Google's OS finally bumped up a full integer to version 5.0. It been working on getting its new 'Material Design' aesthetic out in the world for months, and Lollipop is its culmination. One of Android's biggest failings up to date — including with KitKat — has been that its design language never felt unified, and with Material Design, it hopes to fix that.
The aesthetic is meant to look both flat and 3D, but the changes to Android's interface with Lollipop aren't all just visual — voice commands with 'OK Google' are more prominent now, and can be used when the screen is locked and off on some devices, and there are massive improvements to notifications.
In Lollipop you can see what notifications you've received and what's going on with your apps and contacts as soon as you pick it up, before you even unlock your device — and you can even respond to messages from the lockscreen.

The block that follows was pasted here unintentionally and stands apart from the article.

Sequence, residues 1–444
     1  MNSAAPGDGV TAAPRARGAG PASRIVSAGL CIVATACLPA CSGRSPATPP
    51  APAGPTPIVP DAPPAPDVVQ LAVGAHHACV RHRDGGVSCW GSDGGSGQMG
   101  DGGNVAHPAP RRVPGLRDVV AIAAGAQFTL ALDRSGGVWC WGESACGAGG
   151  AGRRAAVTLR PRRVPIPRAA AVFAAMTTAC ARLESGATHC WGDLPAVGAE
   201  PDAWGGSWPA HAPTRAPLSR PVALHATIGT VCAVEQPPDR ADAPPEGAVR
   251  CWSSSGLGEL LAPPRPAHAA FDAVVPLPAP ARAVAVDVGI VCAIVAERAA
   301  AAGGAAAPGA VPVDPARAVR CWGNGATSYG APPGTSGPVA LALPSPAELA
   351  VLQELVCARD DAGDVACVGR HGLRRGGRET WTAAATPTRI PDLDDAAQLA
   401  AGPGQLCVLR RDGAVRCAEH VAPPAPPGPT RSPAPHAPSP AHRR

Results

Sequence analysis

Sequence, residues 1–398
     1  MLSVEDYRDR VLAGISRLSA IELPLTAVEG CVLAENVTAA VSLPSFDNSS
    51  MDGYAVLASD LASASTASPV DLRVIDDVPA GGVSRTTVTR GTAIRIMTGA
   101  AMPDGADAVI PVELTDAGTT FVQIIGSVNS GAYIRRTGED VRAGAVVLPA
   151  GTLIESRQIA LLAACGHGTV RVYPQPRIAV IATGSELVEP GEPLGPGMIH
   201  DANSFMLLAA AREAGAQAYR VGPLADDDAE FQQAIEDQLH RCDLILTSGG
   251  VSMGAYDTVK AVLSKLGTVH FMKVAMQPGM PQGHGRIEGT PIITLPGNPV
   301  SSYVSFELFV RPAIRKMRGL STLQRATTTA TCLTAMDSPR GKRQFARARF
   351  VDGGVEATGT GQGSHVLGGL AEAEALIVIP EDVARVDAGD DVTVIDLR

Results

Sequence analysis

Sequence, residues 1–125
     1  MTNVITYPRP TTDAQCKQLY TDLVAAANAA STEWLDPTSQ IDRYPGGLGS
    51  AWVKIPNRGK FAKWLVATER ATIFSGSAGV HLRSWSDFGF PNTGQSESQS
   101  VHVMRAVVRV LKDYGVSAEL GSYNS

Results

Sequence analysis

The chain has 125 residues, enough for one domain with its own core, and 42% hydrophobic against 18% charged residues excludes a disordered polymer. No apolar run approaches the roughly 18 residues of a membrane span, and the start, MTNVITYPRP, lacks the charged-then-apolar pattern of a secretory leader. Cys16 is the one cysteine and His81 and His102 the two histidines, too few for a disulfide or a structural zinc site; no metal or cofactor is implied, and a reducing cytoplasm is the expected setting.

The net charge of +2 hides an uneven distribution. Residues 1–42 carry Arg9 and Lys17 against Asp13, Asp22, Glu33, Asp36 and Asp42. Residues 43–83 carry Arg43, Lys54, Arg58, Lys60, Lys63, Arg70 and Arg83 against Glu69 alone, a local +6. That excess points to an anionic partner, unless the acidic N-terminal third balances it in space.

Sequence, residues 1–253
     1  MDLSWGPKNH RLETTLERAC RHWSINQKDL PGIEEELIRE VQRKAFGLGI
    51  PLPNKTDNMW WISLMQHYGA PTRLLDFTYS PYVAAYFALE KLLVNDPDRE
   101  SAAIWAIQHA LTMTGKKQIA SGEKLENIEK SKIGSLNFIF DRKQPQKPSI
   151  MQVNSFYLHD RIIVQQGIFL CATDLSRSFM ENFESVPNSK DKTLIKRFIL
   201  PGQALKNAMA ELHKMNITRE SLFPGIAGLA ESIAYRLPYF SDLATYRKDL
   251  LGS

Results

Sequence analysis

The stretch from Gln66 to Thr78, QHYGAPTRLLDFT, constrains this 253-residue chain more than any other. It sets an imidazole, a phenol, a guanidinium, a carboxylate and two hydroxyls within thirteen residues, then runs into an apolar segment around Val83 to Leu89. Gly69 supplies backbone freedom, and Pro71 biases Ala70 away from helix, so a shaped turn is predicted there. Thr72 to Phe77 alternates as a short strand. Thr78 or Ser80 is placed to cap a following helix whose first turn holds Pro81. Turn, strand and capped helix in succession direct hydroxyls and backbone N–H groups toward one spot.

The way you see notifications is changing as well — now rich, descriptive, and interactive notifiers will pop up on top of what you're doing without interrupting, so you can reject a call or read a message without quitting that game or whatever. Some of this functionality was present in KitKat, but it was halfbaked and inconsistent.
Android Lollipop is also getting a 'do not disturb' mode a la iOS, which Android KitKat and previous versions sorely lacked. Google says Lollipop is also better at connecting with Bluetooth and Wi-Fi.
Android Lollipop has some new security features as well, like the ability to set geographical 'safe zones' where your device won't require a PIN to unlock.
These phones will also have more RAM than existing phones with KitKat and other operating systems are capable of packing. Google says Android 5.0 is way more powerefficient over its predecessors. Android 5.0 Lollipop begins rolling out to devices in late October and early November.